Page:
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earlier, the environment, human rights, those kind of things. those issues that you care very deeply about -- all i can believe is the numbers that were told. $500 million to make this film? how do you respond to somebody saying that this is an obscene amount of money? how do you justify $500 million for the home -- the film? >> that number was arrived at incorrectly in their own laugh by "the new york times." they added that all the marketing and promotional sponsorships stuff. that is how they got to this inflated number. it is certainly in the top five, if you will. everyone of those dollars goes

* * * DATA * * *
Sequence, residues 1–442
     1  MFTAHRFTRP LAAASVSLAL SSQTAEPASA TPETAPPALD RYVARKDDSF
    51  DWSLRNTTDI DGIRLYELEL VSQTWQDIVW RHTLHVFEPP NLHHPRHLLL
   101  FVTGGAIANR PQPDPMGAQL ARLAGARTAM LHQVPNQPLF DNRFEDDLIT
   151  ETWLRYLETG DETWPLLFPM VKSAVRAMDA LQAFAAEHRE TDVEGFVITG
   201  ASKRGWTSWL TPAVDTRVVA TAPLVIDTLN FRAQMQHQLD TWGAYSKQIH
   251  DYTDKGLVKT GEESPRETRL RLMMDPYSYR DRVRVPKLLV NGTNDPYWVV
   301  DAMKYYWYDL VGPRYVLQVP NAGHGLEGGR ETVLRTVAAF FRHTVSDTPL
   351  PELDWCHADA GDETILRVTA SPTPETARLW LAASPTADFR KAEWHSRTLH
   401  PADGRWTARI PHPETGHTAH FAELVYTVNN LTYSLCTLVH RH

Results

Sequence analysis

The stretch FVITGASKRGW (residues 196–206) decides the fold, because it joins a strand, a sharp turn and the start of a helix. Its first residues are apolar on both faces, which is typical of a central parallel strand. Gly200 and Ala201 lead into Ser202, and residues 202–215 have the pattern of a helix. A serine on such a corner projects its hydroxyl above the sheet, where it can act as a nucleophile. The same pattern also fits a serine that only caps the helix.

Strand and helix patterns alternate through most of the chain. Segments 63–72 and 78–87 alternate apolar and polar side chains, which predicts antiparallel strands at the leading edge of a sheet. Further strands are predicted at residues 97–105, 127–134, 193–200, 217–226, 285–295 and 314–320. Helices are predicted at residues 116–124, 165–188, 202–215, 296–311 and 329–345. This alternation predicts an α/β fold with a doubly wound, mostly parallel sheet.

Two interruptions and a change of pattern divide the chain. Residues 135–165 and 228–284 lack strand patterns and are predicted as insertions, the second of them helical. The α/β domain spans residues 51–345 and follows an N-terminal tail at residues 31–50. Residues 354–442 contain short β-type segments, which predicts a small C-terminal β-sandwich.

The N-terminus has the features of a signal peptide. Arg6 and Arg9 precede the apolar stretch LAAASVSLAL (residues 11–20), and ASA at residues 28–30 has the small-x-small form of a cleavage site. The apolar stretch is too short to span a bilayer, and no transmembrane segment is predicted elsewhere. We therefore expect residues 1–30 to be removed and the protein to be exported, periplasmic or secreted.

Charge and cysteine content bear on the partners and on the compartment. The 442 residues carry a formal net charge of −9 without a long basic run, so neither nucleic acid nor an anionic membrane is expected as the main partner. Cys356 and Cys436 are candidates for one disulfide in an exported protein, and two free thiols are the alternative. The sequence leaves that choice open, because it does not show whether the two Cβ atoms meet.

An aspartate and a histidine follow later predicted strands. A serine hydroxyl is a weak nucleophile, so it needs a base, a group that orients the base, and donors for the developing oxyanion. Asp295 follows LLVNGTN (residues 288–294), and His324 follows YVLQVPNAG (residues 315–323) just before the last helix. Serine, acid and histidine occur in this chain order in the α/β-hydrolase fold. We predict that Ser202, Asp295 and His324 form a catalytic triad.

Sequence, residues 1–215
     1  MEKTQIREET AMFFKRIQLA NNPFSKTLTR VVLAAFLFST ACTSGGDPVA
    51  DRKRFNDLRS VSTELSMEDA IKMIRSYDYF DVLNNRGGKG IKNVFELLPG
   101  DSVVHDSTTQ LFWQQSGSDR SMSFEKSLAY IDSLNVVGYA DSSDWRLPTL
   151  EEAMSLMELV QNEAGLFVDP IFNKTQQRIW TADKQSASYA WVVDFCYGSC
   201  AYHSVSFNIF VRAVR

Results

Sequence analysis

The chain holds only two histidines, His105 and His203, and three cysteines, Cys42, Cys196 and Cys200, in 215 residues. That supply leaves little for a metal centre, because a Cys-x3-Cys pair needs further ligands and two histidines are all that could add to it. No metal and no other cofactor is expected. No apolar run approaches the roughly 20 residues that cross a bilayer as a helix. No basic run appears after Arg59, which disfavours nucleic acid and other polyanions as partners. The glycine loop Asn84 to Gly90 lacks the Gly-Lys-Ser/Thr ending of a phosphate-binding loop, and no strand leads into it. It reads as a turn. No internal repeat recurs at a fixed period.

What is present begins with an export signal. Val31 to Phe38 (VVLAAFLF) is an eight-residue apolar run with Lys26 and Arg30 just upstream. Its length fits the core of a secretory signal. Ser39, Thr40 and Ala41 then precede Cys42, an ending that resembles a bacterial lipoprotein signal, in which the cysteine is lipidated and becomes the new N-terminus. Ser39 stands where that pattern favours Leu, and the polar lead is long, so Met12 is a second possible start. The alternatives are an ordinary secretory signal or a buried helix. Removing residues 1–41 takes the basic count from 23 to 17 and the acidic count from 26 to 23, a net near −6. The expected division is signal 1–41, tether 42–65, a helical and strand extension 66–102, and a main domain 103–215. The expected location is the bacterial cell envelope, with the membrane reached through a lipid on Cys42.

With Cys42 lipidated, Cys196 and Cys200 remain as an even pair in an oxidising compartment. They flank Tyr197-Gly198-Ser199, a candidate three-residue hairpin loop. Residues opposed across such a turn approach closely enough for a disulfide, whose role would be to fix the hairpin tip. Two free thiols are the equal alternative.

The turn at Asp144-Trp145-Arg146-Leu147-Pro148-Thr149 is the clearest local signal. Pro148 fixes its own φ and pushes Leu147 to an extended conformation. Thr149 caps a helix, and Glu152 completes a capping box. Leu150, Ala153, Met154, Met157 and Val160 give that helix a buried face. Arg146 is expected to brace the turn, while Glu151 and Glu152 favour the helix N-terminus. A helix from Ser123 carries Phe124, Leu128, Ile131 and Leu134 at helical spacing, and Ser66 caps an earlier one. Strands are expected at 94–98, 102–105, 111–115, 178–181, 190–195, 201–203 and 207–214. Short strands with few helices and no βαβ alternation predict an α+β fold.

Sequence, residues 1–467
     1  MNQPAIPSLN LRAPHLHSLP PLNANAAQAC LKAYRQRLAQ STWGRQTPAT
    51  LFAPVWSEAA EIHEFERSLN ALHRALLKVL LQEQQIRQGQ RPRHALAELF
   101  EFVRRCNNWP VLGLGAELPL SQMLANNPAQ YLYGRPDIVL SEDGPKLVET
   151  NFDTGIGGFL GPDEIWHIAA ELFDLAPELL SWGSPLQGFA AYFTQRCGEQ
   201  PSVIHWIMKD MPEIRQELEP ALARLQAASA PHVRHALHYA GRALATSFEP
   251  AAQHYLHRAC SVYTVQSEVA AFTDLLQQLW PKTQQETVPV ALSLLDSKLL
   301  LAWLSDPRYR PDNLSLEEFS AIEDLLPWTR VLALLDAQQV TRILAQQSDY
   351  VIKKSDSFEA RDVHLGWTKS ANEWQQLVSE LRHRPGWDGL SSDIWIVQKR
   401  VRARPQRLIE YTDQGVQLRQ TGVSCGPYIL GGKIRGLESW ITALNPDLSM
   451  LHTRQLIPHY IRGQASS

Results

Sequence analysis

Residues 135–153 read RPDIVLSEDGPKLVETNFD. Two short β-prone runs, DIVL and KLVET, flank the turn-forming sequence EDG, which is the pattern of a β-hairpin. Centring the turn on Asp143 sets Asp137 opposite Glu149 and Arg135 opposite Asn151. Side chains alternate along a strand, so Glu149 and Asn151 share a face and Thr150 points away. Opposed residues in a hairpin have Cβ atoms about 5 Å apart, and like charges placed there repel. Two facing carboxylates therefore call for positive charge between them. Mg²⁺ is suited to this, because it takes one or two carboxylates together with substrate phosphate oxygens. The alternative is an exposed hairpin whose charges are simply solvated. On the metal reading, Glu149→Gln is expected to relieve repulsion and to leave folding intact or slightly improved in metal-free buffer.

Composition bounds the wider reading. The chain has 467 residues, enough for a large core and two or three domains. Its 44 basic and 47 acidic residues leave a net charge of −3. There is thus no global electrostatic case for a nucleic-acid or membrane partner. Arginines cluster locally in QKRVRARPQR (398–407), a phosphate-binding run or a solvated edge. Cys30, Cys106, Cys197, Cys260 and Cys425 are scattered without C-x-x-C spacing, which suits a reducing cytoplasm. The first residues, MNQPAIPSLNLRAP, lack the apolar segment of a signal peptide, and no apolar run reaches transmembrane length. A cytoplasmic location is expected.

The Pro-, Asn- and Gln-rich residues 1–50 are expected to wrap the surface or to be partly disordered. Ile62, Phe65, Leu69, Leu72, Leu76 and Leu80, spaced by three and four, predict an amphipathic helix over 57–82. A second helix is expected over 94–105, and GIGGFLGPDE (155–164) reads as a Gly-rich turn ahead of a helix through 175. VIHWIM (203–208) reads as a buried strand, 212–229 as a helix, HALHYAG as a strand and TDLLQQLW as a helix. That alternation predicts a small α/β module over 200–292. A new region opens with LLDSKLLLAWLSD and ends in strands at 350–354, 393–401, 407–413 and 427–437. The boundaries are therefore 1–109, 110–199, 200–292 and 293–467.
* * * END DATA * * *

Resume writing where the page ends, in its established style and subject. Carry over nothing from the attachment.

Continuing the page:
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to a person. it doesn't get fed into a computer. they are humans, artists, working with computers that do all of this. in the film crew, the actors, people making a living off of this. it is creating jobs and a time of an economic downturn. i do not feel bad about that at all. that is the case with all of my films. it is good for business, good for commerce. hollywood -- business is sort of retrenching to these big, milestone pictures. television, cable, and so on has carved away a lot of the smaller stuff. it is tough out to get an independent film made. tavis: it seemed like the studios were saying that they